Posted by David
This Wednesday, Jordanians will vote in a parliamentary elections to determine the composition of their 150-member Chamber of Deputies. A number of significant reforms to the electoral law have taken place since the last election, including changes to the institution managing the election, voting procedures, and the electoral system.
The most high profile debate over the past year has been over reforms to Jordan’s electoral system. Reform advocates have achieved some success, though the system still doesn’t reflect all of their demands. Gone are the Virtual – or “Ghost” – districts from the previous election. The system now more closely resembles what was in place from 1993 to 2007, in that most seats will be elected via Single Non Transferable Vote (SNTV). That means that every voter will cast one vote in a multi-member district with N seats, with the top N vote getters winning the open seats. This implications for SNTV are fairly well established. The system makes it very difficult for political parties to form as parties would essentially have to run their own candidates against each other. It also increases the incentive for corruption, as the marginal value of every vote is very high. This is because SNTV systems often result in the winning candidates capturing their seats with a very small percent of the vote. In general, SNTV is viewed as favoring Jordan’s tribes while hurting organized political parties. Most changes to Jordan’s election law throughout the years have been viewed as finding ways to help tribal elites as much as possible, while making life more difficult for anybody wanting to form a political party.
The system isn’t quite normal SNTV, however, as there is a very low average district magnitude (seats per district). In fact, 18 out of the 45 districts have only one seat, making them First Past The Post (FPTP) races. The average district magnitude of all the districts is only 2.37.
As with previous elections, the electoral law has provisions to ensure a certain level of ethnic minority representation. Nine seats are reserved for Christians across eight districts, while three seats are reserved for Chechens/Circassians across three different districts. For example, Balqaa’s First District has seven seats, five for Muslims and two for Christians. In this district, the top five Muslim candidates will win and the top two Christen candidates will take seats. Any voter can vote for a Muslim, Christen, or Chechen/Circassian candidate if they are running. So in this sense, a Muslim can vote for a Christian “seat” and vice versa. This is similar to the consociational system that Lebanon uses, though in Lebanon, voters get as many votes as their are seats in a district.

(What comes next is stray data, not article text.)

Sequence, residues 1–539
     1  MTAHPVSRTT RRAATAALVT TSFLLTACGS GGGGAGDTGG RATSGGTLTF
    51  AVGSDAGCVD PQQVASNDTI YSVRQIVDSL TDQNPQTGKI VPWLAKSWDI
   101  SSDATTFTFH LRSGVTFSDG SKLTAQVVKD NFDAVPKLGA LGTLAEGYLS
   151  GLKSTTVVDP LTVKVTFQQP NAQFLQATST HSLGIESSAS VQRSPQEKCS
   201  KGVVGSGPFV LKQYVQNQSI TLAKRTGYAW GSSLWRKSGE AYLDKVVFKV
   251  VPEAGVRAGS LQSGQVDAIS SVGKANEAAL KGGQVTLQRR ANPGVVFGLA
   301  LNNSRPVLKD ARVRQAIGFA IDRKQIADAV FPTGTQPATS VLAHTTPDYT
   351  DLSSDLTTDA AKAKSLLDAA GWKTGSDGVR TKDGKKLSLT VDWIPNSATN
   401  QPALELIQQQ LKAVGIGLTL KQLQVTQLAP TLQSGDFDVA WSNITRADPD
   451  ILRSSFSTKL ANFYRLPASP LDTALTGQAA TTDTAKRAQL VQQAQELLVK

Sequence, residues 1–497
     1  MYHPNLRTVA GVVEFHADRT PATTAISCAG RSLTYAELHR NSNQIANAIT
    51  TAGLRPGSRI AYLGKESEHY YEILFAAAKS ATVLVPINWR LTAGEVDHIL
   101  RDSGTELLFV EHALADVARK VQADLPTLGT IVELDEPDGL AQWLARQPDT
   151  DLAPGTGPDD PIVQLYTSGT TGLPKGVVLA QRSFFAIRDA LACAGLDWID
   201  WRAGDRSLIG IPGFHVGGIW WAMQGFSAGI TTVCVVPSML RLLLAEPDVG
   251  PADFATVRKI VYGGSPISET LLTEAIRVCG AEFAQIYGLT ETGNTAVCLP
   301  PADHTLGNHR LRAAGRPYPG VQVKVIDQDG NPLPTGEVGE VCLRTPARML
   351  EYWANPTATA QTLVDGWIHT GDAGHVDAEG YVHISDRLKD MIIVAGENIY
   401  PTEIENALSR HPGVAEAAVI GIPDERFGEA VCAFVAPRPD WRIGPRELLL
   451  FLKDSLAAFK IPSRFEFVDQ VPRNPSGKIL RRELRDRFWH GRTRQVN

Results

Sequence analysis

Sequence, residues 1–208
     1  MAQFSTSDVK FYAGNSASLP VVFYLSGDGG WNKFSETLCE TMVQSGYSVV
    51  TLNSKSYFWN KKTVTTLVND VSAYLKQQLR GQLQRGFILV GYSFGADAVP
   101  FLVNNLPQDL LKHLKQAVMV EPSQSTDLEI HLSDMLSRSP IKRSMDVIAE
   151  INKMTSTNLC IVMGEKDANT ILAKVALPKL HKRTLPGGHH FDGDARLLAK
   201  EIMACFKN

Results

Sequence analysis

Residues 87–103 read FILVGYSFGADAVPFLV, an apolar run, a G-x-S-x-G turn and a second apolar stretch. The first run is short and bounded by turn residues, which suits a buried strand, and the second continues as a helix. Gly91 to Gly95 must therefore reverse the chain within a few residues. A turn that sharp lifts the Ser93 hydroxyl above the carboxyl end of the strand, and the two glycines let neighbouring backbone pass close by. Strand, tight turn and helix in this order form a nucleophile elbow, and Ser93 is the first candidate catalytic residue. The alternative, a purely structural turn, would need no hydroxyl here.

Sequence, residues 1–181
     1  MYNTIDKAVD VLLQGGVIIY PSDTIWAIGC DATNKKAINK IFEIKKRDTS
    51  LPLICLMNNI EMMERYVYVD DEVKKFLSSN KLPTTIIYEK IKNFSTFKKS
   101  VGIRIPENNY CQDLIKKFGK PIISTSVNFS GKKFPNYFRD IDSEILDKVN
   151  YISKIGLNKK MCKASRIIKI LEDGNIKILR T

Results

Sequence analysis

In addition to districts based on the 12 governorates, nine seats will be reserved for Bedouins across three districts. Participation in these districts, whether as a candidate or voter, is reserved for members of certain families who are listed as belonging to the respective locations. A breakdown of all the districts and governorates is below.
There is also a gender quota component in the electoral law, which will guarantee at least 15 women are elected to parliament. For each of the 12 governorates, the female candidate who receives the highest percentage of votes in their district will be elected, regardless of their vote total compared to their male counterparts. This also applies to the three Bedouin districts. This is the same way Afghanistan implements its gender quota, and it’s probably the most intuitive way if you are using an SNTV system. Afghanistan, however, mandates the top two females from each province are elected, which guarantees that the Wolesi Jirga will be 27% female. Jordan’s minimum, will only be 10%.
Proportional Representation Seats
In addition to the 108 SNTV/SMD seats, 27 seats will be allocated using a closed-list proportional representation system. Opposition members from all political stripes have long advocated for a PR system or tier, which benefits political parties. Although the 27 seats are a small concession, most opposition members still seem to feel that it is inadequate. The PR tier will be comprised of one nationwide district, and seats will be tabulated using the Hare Quota.